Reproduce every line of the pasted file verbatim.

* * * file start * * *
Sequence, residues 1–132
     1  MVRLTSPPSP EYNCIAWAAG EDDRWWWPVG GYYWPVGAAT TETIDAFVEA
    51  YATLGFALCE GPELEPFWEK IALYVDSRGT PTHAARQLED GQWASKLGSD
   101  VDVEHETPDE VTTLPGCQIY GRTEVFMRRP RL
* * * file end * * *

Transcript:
Sequence, residues 1–132
     1  MVRLTSPPSP EYNCIAWAAG EDDRWWWPVG GYYWPVGAAT TETIDAFVEA
    51  YATLGFALCE GPELEPFWEK IALYVDSRGT PTHAARQLED GQWASKLGSD
   101  VDVEHETPDE VTTLPGCQIY GRTEVFMRRP RL